Showing posts from September, 2013

How to Build a Character

Scout Camp, we're told, is character building. And I can certainly vouch for this as my 11-year old's two nights roughing it have imported numerous new virtues into our vicarage: Self-sacrifice : I missed my firstborn after depositing her in the Friday darkness with her sleeping bag and hold-all of Hollister tops. Her empty bed pained me in the mornings and I had, forlornly, to sing solo along to Adele songs on Youtube without her at my side. Humility : as, hastily, I subdued my uncool glee at the reunion upon clocking my daughter's warning scowl. Patience : as I listened with beaming attentiveness to a half-hour, high-speed account of who fancied whom on campus while, armed with a Post-it note of scrawled directions, I wrestled the A10 into submission. Courage : as I squared up to the damp, muddy menace that was her dirty laundry bag. Forbearance : as, all evening, I withstood the howls and recriminations of an adventurer who had achieved one hour's sleep th


I am regarded as an airhead. The scantiest mishap is used as corroboration against me. There was that time, for instance when I found I'd carefully soaped a block of butter in the washing up bowl (this was not my fault: the Vicar had slipped it into the butter dish while it waited in the queue of dirty dinner plates). The time when I decanted a hot tray of oven chips into the laundry basket (perfectly excusable; oven and washing machine sit side by side); the time I sent my son to school with an unfilled sandwich, poured orange juice into the cafetiere and the occasion last night when I poached two eggs in a waterless pan. 'Couldn't you smell the burning?' asked the Vicar incredulous. It's true that if I had properly marshalled my faculties I would not have left the car keys in the door all weekend or opened smalltalk with the Bishop with an account of a neighbour's breast implants. And it affects me as much as my family when I visit Budgens to buy bread and f

How Survive a Children's Party - the Expert's Guide

I've always assumed that children would be content to celebrate themselves with the sort of pleasures I favour for my own parties - a shimmy on the trampoline, pass-the-parcel and a sagging sponge improvised in the vicarage oven. And, until last year, the formula seemed foolproof. Now, though, a pack of crayons swaddled in back copies of The Guardian and my unpredictable baking are deemed a social handicap. The kids and their classmates require the hire of doughnut cafes, paint ball pitches and ice rinks to mark the passing years. This has its advantages; no more scraping vomit from the skirting boards and no more multi-packs of cheese strings colonising my lager shelf. It's easy, however, to assume that your large cheque absolves you from the risks of other people's children en masse. Don't be fooled. Each time your child gains a year you are likely to age by three more, whether or not you farm the festivities out to professionals. But there are precautions you can tak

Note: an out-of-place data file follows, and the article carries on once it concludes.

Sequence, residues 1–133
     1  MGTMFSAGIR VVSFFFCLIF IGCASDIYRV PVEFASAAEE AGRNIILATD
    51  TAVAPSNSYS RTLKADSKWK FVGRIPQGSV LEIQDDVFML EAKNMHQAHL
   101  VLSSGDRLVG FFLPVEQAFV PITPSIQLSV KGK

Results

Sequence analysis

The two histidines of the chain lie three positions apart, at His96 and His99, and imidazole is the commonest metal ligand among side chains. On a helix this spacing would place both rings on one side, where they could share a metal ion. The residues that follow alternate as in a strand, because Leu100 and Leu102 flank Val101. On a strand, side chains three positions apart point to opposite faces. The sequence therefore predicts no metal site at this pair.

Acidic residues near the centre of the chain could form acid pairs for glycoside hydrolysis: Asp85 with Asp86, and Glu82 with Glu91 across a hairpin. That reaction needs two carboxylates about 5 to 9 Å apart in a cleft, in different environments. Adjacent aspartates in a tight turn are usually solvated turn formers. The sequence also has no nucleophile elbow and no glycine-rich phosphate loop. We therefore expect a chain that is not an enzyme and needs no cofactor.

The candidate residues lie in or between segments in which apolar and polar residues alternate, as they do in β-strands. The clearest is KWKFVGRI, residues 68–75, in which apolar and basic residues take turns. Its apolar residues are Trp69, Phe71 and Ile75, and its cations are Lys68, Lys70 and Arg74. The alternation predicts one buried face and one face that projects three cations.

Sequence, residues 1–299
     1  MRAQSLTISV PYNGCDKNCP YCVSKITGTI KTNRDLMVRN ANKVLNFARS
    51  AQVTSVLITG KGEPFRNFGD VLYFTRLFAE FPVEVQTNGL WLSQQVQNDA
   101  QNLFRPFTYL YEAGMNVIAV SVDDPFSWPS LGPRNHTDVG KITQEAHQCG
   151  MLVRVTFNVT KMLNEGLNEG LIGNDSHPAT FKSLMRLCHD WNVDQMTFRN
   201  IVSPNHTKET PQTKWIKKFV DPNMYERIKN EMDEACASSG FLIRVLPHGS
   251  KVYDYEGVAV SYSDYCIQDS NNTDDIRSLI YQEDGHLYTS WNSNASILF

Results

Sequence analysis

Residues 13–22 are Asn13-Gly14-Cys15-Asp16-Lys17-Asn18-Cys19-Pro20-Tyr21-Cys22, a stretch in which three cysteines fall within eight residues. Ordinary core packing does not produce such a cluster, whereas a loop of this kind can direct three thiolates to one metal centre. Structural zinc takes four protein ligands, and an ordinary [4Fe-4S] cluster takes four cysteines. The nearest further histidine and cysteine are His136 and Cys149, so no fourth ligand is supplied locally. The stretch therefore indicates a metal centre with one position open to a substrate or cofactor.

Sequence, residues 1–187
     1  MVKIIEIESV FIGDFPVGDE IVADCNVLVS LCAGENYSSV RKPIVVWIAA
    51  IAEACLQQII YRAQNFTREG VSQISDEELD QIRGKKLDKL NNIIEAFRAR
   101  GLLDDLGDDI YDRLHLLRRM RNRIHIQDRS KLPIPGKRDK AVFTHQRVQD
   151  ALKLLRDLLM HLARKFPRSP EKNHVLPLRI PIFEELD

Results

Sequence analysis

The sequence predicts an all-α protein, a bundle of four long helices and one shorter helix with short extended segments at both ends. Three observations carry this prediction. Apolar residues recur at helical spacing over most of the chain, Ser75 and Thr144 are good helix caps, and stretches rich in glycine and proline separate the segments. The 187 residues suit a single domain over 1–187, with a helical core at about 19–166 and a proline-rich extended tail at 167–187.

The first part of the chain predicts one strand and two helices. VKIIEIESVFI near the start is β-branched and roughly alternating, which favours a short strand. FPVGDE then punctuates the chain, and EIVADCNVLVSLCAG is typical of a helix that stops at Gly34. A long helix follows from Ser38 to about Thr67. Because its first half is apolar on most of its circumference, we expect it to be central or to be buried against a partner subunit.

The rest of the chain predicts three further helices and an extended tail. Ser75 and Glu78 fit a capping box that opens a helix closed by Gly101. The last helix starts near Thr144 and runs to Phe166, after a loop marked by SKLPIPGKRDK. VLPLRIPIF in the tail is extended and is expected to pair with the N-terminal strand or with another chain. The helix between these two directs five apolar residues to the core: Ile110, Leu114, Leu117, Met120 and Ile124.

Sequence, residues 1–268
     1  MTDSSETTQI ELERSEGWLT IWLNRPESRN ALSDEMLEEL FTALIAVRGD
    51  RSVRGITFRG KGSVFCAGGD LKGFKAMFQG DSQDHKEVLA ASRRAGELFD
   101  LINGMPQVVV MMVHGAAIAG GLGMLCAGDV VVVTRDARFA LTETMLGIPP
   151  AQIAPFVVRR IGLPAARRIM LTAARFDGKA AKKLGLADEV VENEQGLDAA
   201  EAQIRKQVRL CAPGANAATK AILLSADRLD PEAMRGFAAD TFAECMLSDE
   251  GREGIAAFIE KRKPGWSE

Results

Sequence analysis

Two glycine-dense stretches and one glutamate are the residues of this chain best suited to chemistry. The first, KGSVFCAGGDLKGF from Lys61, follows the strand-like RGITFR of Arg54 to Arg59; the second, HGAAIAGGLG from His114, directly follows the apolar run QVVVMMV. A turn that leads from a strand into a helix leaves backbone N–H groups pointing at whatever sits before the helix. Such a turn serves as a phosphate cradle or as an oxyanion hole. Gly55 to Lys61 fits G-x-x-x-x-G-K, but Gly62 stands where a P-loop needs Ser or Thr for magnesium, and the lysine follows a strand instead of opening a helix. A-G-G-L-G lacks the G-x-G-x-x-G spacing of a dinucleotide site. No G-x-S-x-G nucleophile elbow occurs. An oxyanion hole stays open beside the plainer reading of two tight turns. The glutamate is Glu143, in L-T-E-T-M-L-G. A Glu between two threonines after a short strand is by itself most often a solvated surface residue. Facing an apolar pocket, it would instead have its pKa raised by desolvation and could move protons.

Monster Mother

'You deserve a sock in your eye because you're so HORRIBLE!' screams the 10-year old, dislodging my contact lens with well-aimed footwear. I have never had any delusions about my character. 'Mediocre' wrote my history teacher. 'Lunatic' says my brother. But it takes offspring to divulge the full extent of ones defects. I never realised the depths of my egotism until my daughter pointed out the damage wholemeal bread and the mile-long walk to school is doing to her sense of Being. 'You are totally selfish!' she says. I never understood my callousness until my son blamed me for the pooches with killer eyes that cross his path on Sunday strolls. 'You are evil!' he shrieks. And my horribleness had not hit home until Sunday lunch when I deferred permission for the 10-year-old to browse body art on my laptop while we finished our sausages. I extract sock fibres from my left eyeball and reflect on motherhood. Storybooks tell of serene, selfl

Being Indispensible

Vocabulary in our vicarage is limited. If a bishop strays by, we may muster dialogue on theological ethics and we are capable of whole sentences on Haagen Dazs ice cream flavours. But mostly the family gets by on a catch-all three-letter word: mum . It serves as an expletive: 'M@!*M!! (You made me drop my iPod!) As an SOS: 'Muuumm! (There's a ghost under my mattress...) As an imperative: 'MUMMM!' (Come and get Barbie's hair out of the plug hole) As a warning: 'Mu-um!' (Don't dare wear that corduroy to school) As a prevarication: 'Ask Mum...' (...why you should iron your nightie for your wedding night) It is a privilege to be indispensible. But privileges can be wearing. The word is a prefix to almost every communication. And it is a prefix I am obliged laboriously to acknowledge before these communications can proceed, even if I am alone in the room with the speaker. 'Mum?' 'Yes?' 'I've changed my sneeze. D